Despite the challenging state of the field, the game featured two great catches by Red Sox right fielder Harry Hooper, one saving the Sox in the sixth, and the other in the seventh, quashing another rally.

Ruth gave up three walks to fill the bases with Browns in the top of the sixth. There were two outs when the Babe was “mercifully derricked,”4 still without having given up a hit. Red Sox manager Bill Carrigan brought in Carl Mays to pitch to Del Pratt, who hit a ball deep to right that Hooper hauled in for the final out of the inning. Or, as the Globe put it, “Modest Harry, after a long chase, pulled down Pratt’s drive.”5

In the seventh, the Browns put runners on first and second with one out. Pinch-hitter Babe Borton hit “what looked to be a sure triple” (Globe). Hooper, though, made a spectacular catch and threw to Barry at second base for the third out after both St. Louis baserunners had confidently taken off, looking to give the Browns a 3-2 lead. The Herald described the play: “Through the spike-scarred marshes of right field, Harry Hooper splashed and plashed in the murky gloom. … Skimming over a puddle with the grace of a swallow, Harry stuck up his hands. He snatched the hurtling baseball out of murk. He turned and pegged the baseball in to Jack Barry.”6 Hooper’s catch was, writer Flatley remarked, “one of the greatest he or anybody else ever made.”

The Red Sox held their 2-1 lead before adding one more run in the bottom of the seventh. Agnew walked and Carl Mays singled up the middle. Carrigan had Mike McNally pinch-run for Agnew. Hooper flied out to left. Barry singled over the shortstop, but McNally needed to hold. The bases were loaded with one out. Duffy Lewis hit the ball hard to Johnson at shortstop, and Johnson threw home, nabbing McNally. Tom McCabe, the fourth St. Louis pitcher of the day, walked Dick Hoblitzell, forcing in Mays with the insurance run.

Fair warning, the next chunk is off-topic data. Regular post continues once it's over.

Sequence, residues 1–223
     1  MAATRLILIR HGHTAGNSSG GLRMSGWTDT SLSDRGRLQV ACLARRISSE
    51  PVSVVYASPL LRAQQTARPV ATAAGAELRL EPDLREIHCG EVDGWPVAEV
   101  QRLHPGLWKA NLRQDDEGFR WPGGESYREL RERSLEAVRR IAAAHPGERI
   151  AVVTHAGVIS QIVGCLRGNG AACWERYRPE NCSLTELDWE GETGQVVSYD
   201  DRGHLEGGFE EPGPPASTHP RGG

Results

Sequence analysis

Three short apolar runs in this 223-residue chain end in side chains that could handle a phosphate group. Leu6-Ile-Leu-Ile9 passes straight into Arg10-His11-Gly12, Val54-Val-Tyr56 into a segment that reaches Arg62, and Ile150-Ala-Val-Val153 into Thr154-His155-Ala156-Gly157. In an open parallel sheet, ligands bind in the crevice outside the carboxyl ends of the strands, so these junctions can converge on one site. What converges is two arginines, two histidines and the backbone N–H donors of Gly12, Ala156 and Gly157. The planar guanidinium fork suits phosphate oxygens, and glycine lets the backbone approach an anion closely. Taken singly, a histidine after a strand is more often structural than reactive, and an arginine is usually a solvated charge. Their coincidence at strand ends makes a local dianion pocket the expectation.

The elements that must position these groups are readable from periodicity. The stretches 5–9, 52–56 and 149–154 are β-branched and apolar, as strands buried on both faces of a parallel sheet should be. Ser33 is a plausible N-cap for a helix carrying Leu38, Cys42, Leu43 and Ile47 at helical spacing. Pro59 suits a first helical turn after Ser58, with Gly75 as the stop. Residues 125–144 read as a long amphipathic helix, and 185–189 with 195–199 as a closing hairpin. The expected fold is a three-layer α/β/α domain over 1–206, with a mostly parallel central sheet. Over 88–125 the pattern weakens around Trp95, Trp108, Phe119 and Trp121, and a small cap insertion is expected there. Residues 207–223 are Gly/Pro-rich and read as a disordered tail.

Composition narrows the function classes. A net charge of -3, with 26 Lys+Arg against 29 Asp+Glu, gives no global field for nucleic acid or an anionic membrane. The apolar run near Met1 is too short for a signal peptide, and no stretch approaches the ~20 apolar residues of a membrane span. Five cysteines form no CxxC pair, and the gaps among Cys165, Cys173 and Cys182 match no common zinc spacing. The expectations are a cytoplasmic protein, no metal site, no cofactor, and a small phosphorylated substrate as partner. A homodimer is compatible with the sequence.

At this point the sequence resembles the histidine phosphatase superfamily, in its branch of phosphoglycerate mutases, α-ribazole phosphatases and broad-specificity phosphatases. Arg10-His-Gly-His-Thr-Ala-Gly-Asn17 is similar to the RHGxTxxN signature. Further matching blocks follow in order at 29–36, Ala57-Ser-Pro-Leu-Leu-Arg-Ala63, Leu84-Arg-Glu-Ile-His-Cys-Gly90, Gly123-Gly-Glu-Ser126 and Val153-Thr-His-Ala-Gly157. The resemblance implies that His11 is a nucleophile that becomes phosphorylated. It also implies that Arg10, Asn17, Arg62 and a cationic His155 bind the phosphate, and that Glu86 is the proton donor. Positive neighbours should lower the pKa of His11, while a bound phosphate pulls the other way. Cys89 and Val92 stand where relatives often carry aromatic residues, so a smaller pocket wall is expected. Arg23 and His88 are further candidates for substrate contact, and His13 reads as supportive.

There were the 17 walks in the game, and, ultimately, just two hits for the Browns and six for the Red Sox. The Browns left seven runners on base, and the Red Sox stranded nine. Given the playing conditions, it was remarkable that no team committed an error. The game was played in 2 hours and 16 minutes.

At the plate, Ruth went 0-for-2 and his average in the still-young season was just .071. He finished the campaign with a .272 average and had three home runs, one short of the four he had hit in 1915, to that point his career high.

His pitching record for 1916 was 23-12, with a league-leading 1.75 earned-run average, in part built on nine shutouts, which also led the league. The Red Sox recovered from their slow start and won a second straight World Series championship, this time knocking off the Brooklyn Robins in five games.



In addition to the sources cited in the Notes, the author also relied on and



1 “Red Sox Break Spell, Beating Browns 3-1,” Boston Globe, May 21, 1916: 15.

2 N.J. Flatley, “Hooper’s Great Catch Saved Day for the Red Sox,” Boston Herald, May 21, 1916: 22.

3 “Red Sox Break Spell, Beating Browns 3-1.”

4 N.J. Flatley.

5 “Red Sox Break Spell, Beating Browns 3-1.”

6 N.J. Flatley.

Additional Stats

Boston Red Sox 3
St. Louis Browns 1 

Fenway Park
Boston, MA


Box Score + PBP: